Why do you need a softshell jacket if you have a r...

Why do you need a softshell jacket if you have a rain shell ?  Two jackets in your layering system? Why use a jacket that is not waterproof?  I hear these comments frequently.

Traditional layering; a moisture wicking base layer, fleece or down insulating layers and a waterproof/breathable hardshell. Adjust your insulation layers to regulate your core temp and utilize the shell to block wind and rain.  If you have spent time in the mountains you know this system works

The traditional layering system, as good as it is, has drawbacks for mountain hunting.  Packable rain shells are noisy and there is not a laminate on the market that breaths well enough to keep you dry on the inside during a hard climb.

What if you could block wind, light rain and snow without a laminate? Keeping you out of your rain shell unless it’s dumping?

Enter softshell technology; a fabric designed to blend the insulating qualities of fleece and the wind, abrasion and light weather protection of a hard shell into one garment.  Softshell offers light weather protection by using Durable Water Repellency (DWR) on a tightly woven face fabric. This allows softshells to be very breathable and quiet. It is the ultimate mountain hunting fabric.

Softshells were first developed in the late 1990’s for the outdoor market.  Climbers were having the same breathability and durability issues with their traditional layering systems. Softshells are now a mainstay for climbing and are becoming more popular for hunting as the advantages are becoming recognized and more manufactures are offering softshell.

Softshells come in a variety of configurations:

  • Stretch woven (single layer)
  • Light weight stretch woven bonded to a backer fabric such as fleece (two layer)
  • Wind blocking laminate bonded between a stretch woven and a backer fabric (three layers)

For bonded softshells, backer fabrics dictate the warmth to weight ratio (how warm it will be in relation to the weight of the garment). For back country hunting you want a high warmth to weight ratio, which gives you a lightweight and warm garment. There are three general choices for backer fabrics; Brushed Tricot, Micro Fleece & High Loft Fleece.

Brushed Tricot
Positives:
– Low Bulk
– Light weight
Negatives:
– Low warmth to weight ratio

Micro Fleece
Positives:
– Packable
– Lightweight
– Good warmth to weight ratio
Negatives:
– Not as warm as high loft fleece

High loft fleece
Positives:
– Highest warmth to weight ratio
Negatives:
– Bulky for efficient back country hunting
– Heavy compared to brushed tricot or micro fleece.

For KUIU’s system, a light weight stretch woven bonded to a micro fleece offers the best versatility for mountain hunting.

The goal for KUIU‘s soft shell:

  • Quiet
  • Abrasion resistant
  • Highly wind resistant without a laminate
  • Superior breathablility
  • 4-way stretch
  • No elastomers (lycra).  Finding a fabric that has stretch without elastomers is critically important to reduce weight and decrease dry times.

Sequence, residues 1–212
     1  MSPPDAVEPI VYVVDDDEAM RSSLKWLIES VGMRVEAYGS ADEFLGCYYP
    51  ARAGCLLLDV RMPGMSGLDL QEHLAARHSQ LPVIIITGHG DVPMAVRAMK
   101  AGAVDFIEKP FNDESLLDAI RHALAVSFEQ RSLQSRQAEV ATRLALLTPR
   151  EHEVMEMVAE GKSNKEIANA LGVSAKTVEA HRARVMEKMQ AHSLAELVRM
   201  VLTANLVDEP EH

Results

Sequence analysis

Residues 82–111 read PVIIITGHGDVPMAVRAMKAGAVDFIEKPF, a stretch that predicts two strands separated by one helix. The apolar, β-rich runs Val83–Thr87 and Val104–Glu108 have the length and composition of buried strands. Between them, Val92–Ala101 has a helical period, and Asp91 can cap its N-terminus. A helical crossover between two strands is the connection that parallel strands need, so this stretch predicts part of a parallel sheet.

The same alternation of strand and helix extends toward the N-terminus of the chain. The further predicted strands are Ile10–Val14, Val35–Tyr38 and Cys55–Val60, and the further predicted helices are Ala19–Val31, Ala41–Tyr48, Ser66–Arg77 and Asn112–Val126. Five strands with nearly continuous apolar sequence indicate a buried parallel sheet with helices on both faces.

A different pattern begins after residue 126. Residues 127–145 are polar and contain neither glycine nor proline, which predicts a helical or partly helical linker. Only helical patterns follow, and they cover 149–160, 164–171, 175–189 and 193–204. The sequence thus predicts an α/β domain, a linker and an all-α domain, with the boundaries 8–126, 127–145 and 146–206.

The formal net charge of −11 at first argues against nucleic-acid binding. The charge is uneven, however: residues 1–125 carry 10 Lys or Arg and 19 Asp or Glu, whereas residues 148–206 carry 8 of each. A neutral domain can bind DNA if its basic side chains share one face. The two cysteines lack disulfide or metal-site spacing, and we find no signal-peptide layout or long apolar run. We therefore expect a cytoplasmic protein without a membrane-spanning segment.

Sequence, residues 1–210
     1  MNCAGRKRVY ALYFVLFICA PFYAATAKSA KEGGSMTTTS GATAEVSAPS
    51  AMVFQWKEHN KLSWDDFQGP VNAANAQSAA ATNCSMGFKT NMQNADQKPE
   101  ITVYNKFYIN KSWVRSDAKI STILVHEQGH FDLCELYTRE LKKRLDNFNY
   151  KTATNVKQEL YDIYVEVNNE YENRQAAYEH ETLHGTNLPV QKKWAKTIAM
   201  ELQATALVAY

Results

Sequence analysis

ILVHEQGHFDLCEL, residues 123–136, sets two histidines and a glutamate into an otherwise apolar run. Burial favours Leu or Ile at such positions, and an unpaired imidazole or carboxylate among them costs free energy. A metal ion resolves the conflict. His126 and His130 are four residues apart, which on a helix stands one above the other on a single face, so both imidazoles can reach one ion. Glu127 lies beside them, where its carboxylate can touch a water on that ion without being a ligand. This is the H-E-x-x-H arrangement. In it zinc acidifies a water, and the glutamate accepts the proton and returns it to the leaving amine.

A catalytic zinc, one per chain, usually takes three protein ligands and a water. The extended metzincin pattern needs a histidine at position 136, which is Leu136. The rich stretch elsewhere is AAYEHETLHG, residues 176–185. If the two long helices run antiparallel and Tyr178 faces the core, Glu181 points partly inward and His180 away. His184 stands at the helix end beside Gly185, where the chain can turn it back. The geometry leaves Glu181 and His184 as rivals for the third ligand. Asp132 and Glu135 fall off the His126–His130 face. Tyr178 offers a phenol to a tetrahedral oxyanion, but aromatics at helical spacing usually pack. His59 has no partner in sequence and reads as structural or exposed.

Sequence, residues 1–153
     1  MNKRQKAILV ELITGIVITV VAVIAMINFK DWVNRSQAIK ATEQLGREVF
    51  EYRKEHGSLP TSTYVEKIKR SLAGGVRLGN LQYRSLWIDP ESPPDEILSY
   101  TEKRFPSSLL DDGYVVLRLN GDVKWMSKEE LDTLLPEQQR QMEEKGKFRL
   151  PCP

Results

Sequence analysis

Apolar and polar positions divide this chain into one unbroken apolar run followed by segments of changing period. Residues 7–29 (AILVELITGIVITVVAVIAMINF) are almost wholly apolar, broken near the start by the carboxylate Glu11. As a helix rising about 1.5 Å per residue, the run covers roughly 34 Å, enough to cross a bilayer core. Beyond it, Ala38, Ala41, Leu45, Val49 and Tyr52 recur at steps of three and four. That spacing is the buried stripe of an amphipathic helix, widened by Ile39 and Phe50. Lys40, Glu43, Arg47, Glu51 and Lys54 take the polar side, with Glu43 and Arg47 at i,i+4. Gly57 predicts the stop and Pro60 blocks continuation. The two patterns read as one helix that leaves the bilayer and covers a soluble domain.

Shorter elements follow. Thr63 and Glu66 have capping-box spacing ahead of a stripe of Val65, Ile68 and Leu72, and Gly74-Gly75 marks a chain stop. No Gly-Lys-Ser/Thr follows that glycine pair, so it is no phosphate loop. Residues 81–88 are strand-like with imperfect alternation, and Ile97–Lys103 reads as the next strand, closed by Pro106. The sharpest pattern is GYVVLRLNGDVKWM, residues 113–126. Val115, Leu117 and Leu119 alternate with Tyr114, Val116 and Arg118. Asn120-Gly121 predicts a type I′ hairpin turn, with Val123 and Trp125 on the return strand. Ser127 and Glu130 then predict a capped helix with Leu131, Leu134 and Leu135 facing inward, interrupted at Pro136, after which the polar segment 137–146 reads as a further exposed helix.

• Low Bulk for packability
  • High warmth to weight ratio
  • Micro fleece backer fabric
  • High quality Durable Water Repellant (DWR)

Using softshell adds versatility to your layering system. I use a lighter weight, more packable rain shell because I wear my softshell to stalk in when the weather is bad. I also pack lighter weight, more breathable insulation layers because of the wind resistance and warmth to weight ratio of softshell.  In rough terrain a hard fall will not tear my softshell like a hard shell or fleece jacket.

The enclosed link is to a great climbing gear site that offers more historical information and an in-depth discussion on softshells you may find of interest:
Psychovertical

Once you put softshell into your system you will never leave home without it.  Just remember not all softshells are made the same.  Do your home work before you shell out your hard earned money on just any softshell.

Jason

This article has 3 comment(s)

  1. Mark

    Hi Jason,
    I agree the softshell is a great innovation, especially in terms of weight to benenifit ration. I have a MHW Alchemy jacket and love it. Where does Gore-Tex’s softshell fall into the mix in terms of tricot vs fleece and brethabilty? I didn’t know they even made a waterproof softshell until I recently came across Sitka’s Coldfront jacket, which I’ve been lusting after ever since. Is KUIU going to use Gore-Tex softshell or something else? If not Gore-Tex, any plans for adding Windstopper? I remember reading somewhere that Gore-Tex is windproof on it’s own due to the membrane, so it would not need the Windstopper backing to add windproofing.

    • Justin

      I don’t have the Sitka you mentioned but I do have an Arcteryx Gore-Tex Softshell. It is essentially a gore-tex shell but as the name suggests, softer and has a micro-fleece backing. It works well as a ski jacket but doesn’t have the qualities many look for in a soft shell, breathability being king.

      • Jason Hairston

        You are spot on with a laminated soft shell. It is defeating the exact purpose of why soft shell was invented…breathability. Thanks for the comment Justin.

        Jason